The mighty Canadian loonie has taken a big tumble in the last year or so, its value tied to oil, gas and mines. As demand slowed, there went the dollar that was bounding around par with the US dollar the last few years.
If you are in America and have been thinking about coming up for DSrupted next month, you should know Americans have major, major buying power up here among the roaming herds of beaver, poutine farms and rivers overflowing in maple syrup.
Effectively, you get a 25% discount on pretty much everything, including our staggeringly powerful (apparently) beer. That also includes airfares, hotels, restaurants, ground transfers and, of course, admission to DSrupted. You get 25% off, by way of currency differences, on a full day of great talks on disruptive technology.
You also get a chance to rub elbows with Hollywood celebrities, as the Toronto International Film Festival is on at the same time. So if you stay in one of the fancy hotels in downtown Toronto, your insanely expensive room will only be ridiculously expensive. I’m actually suggesting people stay out by the airport, as there is now a quick, 1-stop dedicated train to and from the airport that pulls in at Union Station, which is attached to the building where DSrupted is running Sept. 16th.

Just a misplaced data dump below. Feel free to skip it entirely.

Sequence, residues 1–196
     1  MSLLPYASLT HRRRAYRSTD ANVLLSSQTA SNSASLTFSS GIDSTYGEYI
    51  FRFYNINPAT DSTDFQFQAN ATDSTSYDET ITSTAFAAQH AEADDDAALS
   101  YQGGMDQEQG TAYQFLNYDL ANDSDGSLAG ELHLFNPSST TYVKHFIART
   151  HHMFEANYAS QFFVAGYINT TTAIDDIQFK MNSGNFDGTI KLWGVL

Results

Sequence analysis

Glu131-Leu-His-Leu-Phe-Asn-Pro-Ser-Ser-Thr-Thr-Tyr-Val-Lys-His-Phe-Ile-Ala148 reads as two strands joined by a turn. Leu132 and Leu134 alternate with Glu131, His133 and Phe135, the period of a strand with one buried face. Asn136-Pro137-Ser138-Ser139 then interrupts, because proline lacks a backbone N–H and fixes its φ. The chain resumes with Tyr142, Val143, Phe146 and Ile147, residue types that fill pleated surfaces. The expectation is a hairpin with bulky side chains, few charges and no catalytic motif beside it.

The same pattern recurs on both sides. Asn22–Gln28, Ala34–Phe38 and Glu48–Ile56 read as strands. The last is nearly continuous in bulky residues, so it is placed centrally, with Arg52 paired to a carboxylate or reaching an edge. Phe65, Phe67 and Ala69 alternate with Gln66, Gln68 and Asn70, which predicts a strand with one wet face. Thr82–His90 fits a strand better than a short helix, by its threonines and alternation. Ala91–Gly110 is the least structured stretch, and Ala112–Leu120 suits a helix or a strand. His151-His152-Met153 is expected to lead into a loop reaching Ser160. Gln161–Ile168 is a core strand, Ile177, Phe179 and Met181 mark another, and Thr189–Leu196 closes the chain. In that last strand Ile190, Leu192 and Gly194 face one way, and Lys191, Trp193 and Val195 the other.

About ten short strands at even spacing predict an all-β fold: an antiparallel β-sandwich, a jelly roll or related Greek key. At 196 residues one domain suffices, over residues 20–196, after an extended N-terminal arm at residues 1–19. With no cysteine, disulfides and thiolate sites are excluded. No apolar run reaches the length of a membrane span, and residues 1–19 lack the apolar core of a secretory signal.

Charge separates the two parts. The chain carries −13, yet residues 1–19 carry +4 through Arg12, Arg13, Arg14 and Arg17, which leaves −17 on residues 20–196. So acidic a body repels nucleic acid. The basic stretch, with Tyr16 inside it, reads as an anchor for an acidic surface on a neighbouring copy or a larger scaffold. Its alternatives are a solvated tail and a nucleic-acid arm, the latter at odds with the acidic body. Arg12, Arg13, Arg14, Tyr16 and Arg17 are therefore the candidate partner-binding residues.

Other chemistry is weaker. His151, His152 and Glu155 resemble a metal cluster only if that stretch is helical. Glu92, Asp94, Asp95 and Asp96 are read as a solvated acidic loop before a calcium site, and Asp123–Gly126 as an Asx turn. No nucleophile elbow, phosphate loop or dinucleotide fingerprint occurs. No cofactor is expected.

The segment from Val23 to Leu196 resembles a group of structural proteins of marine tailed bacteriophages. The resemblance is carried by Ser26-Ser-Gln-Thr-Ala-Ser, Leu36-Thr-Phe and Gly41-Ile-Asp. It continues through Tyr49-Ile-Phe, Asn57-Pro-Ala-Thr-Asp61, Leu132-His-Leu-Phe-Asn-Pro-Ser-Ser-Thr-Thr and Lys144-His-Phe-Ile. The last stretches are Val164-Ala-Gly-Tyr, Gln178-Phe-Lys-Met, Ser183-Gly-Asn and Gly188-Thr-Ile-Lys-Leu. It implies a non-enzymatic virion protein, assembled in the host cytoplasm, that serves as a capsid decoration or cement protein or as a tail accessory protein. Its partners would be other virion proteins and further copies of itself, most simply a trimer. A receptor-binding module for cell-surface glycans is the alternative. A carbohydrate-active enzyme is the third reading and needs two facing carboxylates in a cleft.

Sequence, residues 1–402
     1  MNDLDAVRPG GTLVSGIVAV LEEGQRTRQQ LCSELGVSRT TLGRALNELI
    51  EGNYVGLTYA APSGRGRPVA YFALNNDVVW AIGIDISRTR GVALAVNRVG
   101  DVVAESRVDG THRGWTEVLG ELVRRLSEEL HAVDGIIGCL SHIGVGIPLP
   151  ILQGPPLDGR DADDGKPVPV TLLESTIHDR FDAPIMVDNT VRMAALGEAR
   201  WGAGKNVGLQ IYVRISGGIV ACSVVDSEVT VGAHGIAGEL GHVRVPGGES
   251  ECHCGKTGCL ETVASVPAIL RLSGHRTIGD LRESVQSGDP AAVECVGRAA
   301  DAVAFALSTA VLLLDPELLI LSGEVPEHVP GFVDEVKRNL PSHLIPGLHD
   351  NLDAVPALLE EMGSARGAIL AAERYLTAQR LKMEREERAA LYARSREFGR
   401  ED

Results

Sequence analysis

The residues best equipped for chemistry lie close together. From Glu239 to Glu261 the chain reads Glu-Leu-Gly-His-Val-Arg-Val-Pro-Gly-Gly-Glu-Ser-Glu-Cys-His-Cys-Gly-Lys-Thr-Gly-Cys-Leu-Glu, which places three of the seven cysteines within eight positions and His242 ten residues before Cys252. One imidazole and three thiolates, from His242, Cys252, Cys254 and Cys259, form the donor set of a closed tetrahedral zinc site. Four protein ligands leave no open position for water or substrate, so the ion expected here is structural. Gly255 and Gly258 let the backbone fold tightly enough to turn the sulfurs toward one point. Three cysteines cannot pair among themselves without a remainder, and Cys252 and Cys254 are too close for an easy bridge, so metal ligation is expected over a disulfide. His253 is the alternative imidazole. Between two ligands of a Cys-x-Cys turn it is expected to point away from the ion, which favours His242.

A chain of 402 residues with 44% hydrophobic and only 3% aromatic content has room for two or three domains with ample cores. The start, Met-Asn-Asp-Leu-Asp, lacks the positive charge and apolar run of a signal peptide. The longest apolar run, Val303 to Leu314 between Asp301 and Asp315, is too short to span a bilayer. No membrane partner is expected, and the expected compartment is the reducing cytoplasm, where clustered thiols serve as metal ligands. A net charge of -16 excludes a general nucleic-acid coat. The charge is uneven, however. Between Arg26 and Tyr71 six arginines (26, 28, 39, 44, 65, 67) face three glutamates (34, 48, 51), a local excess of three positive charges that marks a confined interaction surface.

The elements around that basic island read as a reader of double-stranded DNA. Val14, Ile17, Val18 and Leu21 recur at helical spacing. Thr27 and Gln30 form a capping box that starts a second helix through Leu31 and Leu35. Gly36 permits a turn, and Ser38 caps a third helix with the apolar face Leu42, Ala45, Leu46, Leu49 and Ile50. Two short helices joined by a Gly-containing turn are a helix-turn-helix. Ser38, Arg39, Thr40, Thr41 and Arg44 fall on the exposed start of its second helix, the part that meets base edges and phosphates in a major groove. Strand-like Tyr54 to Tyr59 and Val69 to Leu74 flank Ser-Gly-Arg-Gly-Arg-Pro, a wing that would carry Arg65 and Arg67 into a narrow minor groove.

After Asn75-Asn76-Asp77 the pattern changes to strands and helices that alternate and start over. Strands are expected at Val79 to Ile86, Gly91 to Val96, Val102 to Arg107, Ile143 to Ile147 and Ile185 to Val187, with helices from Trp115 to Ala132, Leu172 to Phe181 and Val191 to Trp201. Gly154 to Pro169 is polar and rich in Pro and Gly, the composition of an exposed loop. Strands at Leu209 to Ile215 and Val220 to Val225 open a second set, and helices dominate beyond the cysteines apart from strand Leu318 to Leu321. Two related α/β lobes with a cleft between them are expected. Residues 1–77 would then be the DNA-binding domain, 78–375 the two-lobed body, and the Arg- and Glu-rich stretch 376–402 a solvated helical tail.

Toronto traffic is not pretty, so the train makes sense.
Downtown is fun to stay in, but the good hotels get booked out by TIFF. I discovered after settling on a date that TIFF was on that week. It wasn’t last year … grrrr. The DSF-run mixer the night before is NOT downtown, but kinda sorta near the airport – at a restaurant at the ritzy Yorkdale Mall. So staying by the airport is easier, unless you want to take the TTC subway up to Yorkdale from downtown (MANY stops).
September in my city (well, I live 3o miles out, but still …) tends to be lovely. There are still seats, and you can register here …
Dave Haynes is the founder and editor of Sixteen:Nine, an online publication that has followed the digital signage industry for some 14 years. Dave does strategic advisory consulting work for many end-users and vendors, and also writes for many of them. He’s based near Halifax, Nova Scotia, on Canada’s east coast.